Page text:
Frederick Law Olmsted saw parks and public places not as passive platforms, but as the fundamental ingredient of community and civic life. Olmsted Now honors this idea by building a public, radically inclusive program.
Help make the Olmsted Now experience diverse, engaging, inclusive and fun. Join a Task Force, spread the word, translate a text for our multilingual community, staff an event, be a sounding board or help with specific projects.
Olmsted Now is not a single person, date or program. It is a collaborative process to build partnerships across disciplines, communities and missions in pursuit of public spaces that are truly for all. It is a bicentennial that advances Olmsted’s vision with a program as diverse as Greater Boston and as welcoming as a shaded city park on a hot day. Ultimately, it promises to create a more equitable, verdant and healthy city for everyone.
Your support makes it all happen. Olmsted Now is only possible when like-minded individuals, foundations and corporate donors commit to and invest in Olmsted’s values: unity and community, shared health and shared power. Join us to help mark an important American legacy and build for the next 200 years of transformative experiences in public parks.
*Via the Emerald Necklace Conservancy. The Emerald Necklace Conservancy is a public charity under Section 501(c)(3) of the Internal Revenue Code and is the fiscal agent for Olmsted Now. Your donation is tax-deductible in the United States to the full extent allowable by law. The Conservancy’s tax ID is 04-3414988.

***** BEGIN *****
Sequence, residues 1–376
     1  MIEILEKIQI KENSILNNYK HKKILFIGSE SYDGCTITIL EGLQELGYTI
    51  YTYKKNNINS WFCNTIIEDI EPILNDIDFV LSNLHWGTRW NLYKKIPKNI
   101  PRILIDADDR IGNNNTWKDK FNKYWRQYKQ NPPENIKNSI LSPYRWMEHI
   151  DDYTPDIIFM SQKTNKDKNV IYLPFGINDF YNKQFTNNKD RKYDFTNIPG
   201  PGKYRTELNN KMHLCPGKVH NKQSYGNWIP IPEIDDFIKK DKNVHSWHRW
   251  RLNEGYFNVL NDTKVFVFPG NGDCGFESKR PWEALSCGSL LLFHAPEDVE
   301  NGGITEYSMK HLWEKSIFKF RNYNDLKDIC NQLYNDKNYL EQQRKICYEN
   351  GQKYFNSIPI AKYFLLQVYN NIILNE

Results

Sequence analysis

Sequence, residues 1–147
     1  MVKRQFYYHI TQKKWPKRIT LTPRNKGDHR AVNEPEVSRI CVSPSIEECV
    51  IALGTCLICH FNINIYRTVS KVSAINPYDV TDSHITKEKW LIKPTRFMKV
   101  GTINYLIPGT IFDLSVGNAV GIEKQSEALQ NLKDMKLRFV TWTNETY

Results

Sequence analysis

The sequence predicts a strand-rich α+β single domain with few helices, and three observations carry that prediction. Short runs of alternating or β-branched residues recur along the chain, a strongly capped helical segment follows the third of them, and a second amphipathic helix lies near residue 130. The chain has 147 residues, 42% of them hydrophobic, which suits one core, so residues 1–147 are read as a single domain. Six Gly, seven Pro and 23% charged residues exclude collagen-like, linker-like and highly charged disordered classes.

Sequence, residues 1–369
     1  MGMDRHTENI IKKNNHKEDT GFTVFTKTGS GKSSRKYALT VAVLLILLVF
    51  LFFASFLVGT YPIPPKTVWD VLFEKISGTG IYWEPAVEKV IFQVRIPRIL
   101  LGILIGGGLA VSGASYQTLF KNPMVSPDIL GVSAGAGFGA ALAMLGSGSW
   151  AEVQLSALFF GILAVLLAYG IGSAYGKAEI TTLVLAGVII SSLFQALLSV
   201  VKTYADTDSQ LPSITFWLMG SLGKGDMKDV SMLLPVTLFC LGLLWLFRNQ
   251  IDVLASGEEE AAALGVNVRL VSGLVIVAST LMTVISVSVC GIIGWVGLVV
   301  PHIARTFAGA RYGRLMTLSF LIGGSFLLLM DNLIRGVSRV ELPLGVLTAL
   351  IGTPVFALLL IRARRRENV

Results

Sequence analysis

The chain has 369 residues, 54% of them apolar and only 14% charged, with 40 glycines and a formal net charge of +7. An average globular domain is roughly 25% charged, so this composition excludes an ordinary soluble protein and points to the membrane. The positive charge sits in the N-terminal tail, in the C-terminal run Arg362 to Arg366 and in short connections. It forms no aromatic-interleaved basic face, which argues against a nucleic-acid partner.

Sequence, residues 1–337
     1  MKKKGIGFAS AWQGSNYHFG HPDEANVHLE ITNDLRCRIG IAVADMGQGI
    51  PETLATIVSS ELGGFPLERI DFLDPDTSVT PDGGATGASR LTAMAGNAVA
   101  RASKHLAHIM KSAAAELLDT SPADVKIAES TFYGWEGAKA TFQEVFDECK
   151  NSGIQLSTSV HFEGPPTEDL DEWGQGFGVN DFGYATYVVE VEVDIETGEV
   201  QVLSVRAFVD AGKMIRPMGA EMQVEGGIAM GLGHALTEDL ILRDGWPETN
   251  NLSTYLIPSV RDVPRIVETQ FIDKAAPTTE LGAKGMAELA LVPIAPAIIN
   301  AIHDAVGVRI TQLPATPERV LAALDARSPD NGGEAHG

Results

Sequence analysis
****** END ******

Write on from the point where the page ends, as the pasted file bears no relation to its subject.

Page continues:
Want to see more dance programming? Engage in a deeper discussion? Get better acquainted with Olmsted? Express a point of view? Olmsted Now thrives on honest conversations and innovative ideas.
BECOME A PARTNER
Olmsted Now is committed to working in solidarity with diverse communities that already enjoy Olmsted landscapes, and to actively expand access to them.
Olmsted Now was initiated by the Emerald Necklace Conservancy and Fairsted, the Frederick Law Olmsted National Historic Site at the site of his Brookline firm “Fairsted.” Since then, the effort has focused on Boston neighborhoods and welcomed partners from dozens of organizations around Greater Boston.